These days, a career might last a lifetime, but individual jobs do not.
That’s why the No. 1 question that every job candidate and new hire at your company wants to ask – but is afraid to – is this:
“How will you treat me if this job ends?”
Chronic unemployment has been running at its highest since the Great Depression, with a large percentage of unemployed workers jobless for more than six months. Many of those unemployed have been laid off more than once in recent years. When these individuals find new jobs, they inevitably join their new employers with a clearer understanding that few jobs last forever. And yet, when benefits are discussed with candidates and new employees, outplacement benefits are often left unspoken – like a dirty secret no one wants to tell.
It’s time for this to change.
A Fresh Approach to Discussing Outplacement
How organizations treat employees during downsizing says a lot about a company – and employees increasingly expect this kind of transparency.
Whether or not you want to discuss the possibility of layoffs, your employees are already thinking – and talking – about them. A Glassdoor survey found that “employee concerns about layoffs have risen to the highest levels since the height of the recession.” A Towers Watson study earlier found that 45 percent of employees believed their jobs would be changed or eliminated.
The study concluded that employers “who maintain open lines of communication can reap the benefits of a more engaged workforce and keep the organization on track to compete effectively when the economy revives.”
A survey last year by the Aberdeen Group backs this conclusion by demonstrating the importance of employee engagement and outplacement services. The study found that the desire to improve employee engagement was a top driver in adopting outplacement efforts.
This shows that outplacement benefits, along with standard severance packages and advance notification policies, should be openly discussed with employees with as much freedom – and in as much detail – as conversations about medical, dental, and 401(k) plans.
Burnishing the Employer Brand
While many employers may think bringing up outplacement with new hires is “bad luck,” the opposite is actually true. Offering outplacement benefits helps burnish a company’s employer brand, and employees who work for a company they perceive positively tend to stay longer – and be prouder of their work.
In fact, Aberdeen’s study on outplacement suggests that companies offering these services are not only enhancing their image and reputation, but are also reaping huge gains in engagement, recruitment cycle, cost per hire and even unemployment claims.
The benefits of candor work both ways. One Silicon Valley hiring manager, a senior system administrator in an IT services company, reported that when a candidate asked him what benefits the company offered in the event of a layoff, he was initially surprised. Ultimately, however, the employee’s confidence in asking the question helped to win him the job.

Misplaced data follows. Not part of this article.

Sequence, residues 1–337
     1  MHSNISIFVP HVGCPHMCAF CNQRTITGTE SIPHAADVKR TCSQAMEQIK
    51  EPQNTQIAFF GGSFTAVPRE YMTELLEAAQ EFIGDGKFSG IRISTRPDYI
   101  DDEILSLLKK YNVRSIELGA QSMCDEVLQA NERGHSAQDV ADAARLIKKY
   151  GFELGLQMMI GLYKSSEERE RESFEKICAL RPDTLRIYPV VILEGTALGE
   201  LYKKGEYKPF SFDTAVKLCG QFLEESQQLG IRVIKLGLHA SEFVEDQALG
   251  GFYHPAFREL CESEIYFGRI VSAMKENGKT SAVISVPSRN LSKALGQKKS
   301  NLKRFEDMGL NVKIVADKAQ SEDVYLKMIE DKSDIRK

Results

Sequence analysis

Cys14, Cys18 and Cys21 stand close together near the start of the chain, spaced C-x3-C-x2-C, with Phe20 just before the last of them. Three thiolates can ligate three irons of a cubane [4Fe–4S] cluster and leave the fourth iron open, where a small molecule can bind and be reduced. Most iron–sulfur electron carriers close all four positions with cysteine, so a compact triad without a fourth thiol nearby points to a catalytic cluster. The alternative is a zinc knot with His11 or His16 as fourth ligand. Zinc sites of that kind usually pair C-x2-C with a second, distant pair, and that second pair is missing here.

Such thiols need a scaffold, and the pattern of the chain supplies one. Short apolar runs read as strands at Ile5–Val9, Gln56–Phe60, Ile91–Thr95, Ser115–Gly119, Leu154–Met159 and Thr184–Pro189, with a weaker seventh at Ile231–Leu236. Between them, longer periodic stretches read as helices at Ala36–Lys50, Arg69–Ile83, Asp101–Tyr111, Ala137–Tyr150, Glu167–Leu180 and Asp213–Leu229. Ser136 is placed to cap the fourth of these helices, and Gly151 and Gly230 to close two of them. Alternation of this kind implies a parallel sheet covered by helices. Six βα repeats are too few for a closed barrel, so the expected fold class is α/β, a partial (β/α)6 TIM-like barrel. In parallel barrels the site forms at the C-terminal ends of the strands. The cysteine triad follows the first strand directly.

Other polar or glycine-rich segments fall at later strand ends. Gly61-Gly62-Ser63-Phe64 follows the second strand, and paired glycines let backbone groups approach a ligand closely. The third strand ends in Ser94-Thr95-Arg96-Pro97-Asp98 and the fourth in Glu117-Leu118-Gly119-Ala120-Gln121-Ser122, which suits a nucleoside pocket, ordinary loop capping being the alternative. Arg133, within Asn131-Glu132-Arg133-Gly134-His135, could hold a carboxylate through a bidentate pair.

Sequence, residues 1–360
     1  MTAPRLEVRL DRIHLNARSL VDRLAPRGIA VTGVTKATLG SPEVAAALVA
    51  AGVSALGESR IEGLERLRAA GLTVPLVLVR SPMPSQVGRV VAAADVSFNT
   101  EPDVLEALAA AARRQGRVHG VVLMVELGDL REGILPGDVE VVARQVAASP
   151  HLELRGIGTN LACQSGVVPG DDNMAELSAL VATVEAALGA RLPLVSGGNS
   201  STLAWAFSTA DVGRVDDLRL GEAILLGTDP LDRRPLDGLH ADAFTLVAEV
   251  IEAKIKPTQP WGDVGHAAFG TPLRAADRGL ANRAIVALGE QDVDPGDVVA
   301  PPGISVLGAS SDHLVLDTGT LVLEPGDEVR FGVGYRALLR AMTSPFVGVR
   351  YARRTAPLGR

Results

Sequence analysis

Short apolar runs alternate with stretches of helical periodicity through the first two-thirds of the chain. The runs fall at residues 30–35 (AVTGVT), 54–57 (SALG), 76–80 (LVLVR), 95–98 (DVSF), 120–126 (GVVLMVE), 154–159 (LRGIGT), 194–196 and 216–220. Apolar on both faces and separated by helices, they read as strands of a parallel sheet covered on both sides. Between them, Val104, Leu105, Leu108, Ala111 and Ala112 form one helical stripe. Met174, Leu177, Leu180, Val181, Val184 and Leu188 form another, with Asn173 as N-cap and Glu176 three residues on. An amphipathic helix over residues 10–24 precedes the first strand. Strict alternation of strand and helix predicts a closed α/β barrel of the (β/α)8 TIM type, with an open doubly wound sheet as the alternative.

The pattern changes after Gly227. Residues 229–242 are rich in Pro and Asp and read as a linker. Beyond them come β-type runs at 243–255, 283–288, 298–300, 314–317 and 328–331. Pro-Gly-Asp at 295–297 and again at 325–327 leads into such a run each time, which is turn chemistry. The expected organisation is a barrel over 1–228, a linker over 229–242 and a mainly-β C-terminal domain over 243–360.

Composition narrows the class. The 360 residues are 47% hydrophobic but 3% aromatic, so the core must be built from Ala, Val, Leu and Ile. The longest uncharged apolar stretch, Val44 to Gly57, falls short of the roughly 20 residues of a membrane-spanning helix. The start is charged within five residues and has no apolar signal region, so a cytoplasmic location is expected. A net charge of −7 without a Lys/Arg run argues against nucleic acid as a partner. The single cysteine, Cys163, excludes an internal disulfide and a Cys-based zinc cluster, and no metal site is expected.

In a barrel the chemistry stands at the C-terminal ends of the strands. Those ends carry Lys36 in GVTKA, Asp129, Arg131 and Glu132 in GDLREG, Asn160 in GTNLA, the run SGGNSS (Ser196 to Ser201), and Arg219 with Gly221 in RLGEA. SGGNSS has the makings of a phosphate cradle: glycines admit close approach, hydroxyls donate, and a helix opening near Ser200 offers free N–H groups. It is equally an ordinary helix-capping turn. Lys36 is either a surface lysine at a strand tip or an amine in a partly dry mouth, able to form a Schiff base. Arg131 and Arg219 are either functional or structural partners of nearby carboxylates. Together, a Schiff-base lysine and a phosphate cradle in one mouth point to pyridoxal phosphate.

“I thought it showed a great deal of, not only courage,” he said, “but also a high degree of thoughtfulness and potential for initiative. He’s still with the company today, and he’s considered a key employee—mostly because of the traits that caused him to ask that question.”
Job candidates strongly support this transparent approach. “It’s a very intelligent question,” said one senior-level candidate, “particularly in this economy. If the hiring manager appears annoyed by such a question, perhaps the candidate would be better off elsewhere.”
Different Employers, Different Answers
As an HR professional, if you were to talk with your company’s new hires about exit benefits, what would you say? Do you know how your severance benefits stack up against those of your competitors? Can you say how effective your outplacement program is in helping workers in transition find new jobs?
Exit benefits come in all shapes and sizes. Severance packages can be tied to the amount of time an employee has been with the company, but that isn’t the rule. Certain companies pay severance in a lump sum check, and others as a form of salary continuation. As for outplacement services, some companies offer a robust program while others offer a scaled back outplacement solution.
The “Secret” to Success
Telling a job candidate or new employee, “Yes, we provide outplacement” – without accompanying detail – isn’t enough in 2012. Smart companies are making the quality of their exit benefits a differentiator for their employer brands. In today’s economy, when most workers have lost jobs and know that it could happen again, it’s time to share the details of your outplacement benefits to employees and new hires.
Be prepared to answer the tough questions, but be open about what your company offers. Make sure employees understand how the outplacement process works, ensuring their future success in the event of a lay off.
Providing outplacement services and discussing these benefits with your employees is the right thing to do – especially when unemployment rates are so high. The discussion will ultimately put your employees’ minds at ease, knowing they’ll be taken care of in the event of a layoff. The success of your company lies in the confidence and trust you earn in your past, current and future employees – and that’s no secret.
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